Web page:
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Businesses want fuel duty rise scrapped

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Ahead of January’s planned 3p increase in fuel duty, the Forum for Private Business has called for the government to revise its plans.

“A 3p rise in January would be nothing short of economic vandalism in the current climate, and conceivably be the worst possible start to the new year for cash-strapped small businesses,” says Alex Jackman, the Forum’s senior policy adviser.

He adds that the Chancellor should give businesses an early Christmas present in his Autumn Statement by announcing January’s rise would be ditched.

“Quite frankly we would like to hear Mr Osborne announce a freeze on fuel duty for the foreseeable future. The less duty consumers pay on fuel means more money swilling around the economy, and an outright freeze will also provide more stability for small firms to plan ahead for 2013 while encouraging consumers to spend.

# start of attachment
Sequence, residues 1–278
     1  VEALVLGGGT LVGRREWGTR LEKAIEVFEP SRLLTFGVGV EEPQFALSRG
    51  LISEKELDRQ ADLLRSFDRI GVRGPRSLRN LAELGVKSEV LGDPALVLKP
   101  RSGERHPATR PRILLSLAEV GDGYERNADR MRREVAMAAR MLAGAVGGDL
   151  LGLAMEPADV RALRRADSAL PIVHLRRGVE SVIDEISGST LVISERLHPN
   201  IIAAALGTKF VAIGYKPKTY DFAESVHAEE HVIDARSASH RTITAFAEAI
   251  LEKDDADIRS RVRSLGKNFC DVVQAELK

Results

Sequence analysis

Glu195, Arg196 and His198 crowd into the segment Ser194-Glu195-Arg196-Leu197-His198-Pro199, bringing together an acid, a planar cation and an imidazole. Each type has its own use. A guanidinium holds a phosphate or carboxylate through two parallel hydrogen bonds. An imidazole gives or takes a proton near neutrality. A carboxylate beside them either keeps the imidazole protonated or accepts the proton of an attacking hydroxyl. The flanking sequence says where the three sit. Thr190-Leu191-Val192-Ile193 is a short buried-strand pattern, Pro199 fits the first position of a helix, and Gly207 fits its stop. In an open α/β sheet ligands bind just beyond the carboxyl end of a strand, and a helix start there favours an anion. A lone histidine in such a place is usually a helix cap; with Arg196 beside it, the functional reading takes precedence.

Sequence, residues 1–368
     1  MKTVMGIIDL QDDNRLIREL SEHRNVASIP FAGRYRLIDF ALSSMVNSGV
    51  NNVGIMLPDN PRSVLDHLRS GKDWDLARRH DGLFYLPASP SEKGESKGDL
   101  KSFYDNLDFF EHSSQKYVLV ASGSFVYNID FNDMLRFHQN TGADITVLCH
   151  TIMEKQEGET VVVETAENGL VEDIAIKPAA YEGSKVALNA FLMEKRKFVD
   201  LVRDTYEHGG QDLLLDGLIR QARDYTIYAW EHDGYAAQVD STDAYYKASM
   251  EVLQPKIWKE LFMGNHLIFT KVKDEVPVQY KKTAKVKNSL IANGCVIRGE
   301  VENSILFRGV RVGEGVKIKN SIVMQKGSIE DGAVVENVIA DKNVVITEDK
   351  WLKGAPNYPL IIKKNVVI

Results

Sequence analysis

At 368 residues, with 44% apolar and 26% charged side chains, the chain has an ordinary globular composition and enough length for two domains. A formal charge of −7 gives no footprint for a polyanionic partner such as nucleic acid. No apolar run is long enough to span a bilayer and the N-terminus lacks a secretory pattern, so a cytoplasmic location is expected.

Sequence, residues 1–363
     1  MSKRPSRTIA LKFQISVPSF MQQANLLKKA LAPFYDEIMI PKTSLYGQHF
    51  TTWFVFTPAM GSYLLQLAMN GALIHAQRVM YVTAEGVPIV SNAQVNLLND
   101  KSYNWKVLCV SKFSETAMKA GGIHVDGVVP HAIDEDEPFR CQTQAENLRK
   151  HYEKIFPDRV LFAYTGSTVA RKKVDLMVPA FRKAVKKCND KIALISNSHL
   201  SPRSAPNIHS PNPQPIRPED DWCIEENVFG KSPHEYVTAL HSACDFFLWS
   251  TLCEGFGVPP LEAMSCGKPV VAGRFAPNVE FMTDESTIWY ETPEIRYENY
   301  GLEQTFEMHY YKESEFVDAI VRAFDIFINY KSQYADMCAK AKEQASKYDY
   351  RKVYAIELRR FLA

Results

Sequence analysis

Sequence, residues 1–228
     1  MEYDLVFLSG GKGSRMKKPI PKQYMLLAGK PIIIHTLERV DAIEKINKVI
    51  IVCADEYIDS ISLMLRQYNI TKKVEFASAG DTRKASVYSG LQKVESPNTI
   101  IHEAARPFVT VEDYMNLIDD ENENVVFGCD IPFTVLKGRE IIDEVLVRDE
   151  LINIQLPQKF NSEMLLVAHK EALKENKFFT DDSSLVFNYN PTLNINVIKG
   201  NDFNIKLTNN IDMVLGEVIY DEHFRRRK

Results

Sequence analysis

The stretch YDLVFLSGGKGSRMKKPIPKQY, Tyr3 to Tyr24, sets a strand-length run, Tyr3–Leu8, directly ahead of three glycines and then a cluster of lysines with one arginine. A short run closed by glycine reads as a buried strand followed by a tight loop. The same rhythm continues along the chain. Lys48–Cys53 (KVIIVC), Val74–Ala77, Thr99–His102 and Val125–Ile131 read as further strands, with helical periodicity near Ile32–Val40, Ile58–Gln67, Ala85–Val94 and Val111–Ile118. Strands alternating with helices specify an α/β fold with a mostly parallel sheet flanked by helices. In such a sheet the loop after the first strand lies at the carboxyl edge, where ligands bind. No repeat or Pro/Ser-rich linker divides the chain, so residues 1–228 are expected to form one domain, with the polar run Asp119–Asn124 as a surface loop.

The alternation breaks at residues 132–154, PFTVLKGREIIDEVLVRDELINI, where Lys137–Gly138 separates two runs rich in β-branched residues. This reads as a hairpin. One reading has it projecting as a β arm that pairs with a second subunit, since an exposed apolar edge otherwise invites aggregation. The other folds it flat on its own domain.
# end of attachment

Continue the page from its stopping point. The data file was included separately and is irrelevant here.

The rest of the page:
“Hammering motorists may seem like an easy option for the Government but high fuel prices affect everything and everyone in the country.”

Meanwhile, the British Retail Consortium (BRC) has called for the Chancellor to announce a range of measures, including:

  • Cancelling January’s 3p-a-litre rise in fuel duty
  • Freezing business rates in April instead of putting them up by the planned 2.6 per cent
  • Ditching the expensive Carbon Reduction Commitment (CRC) energy efficiency scheme
  • Giving a National Insurance holiday for the first year of work among 16-24 year olds
  • Keeping increases in the minimum wage affordable
  • Reinvesting the £4bn proceeds from the 4G auction in the roll-out of high-speed broadband to aid online retail.

The BRC’s director general, Stephen Robertson, accuses the government of launching too many ineffective initiatives to boost growth. These “concrete” measures would help boost the economy.

“The Chancellor should avoid distractions and diversions and focus on a small number of pro-growth measures that will really make a difference to customers, employees and businesses,” says Roberson.

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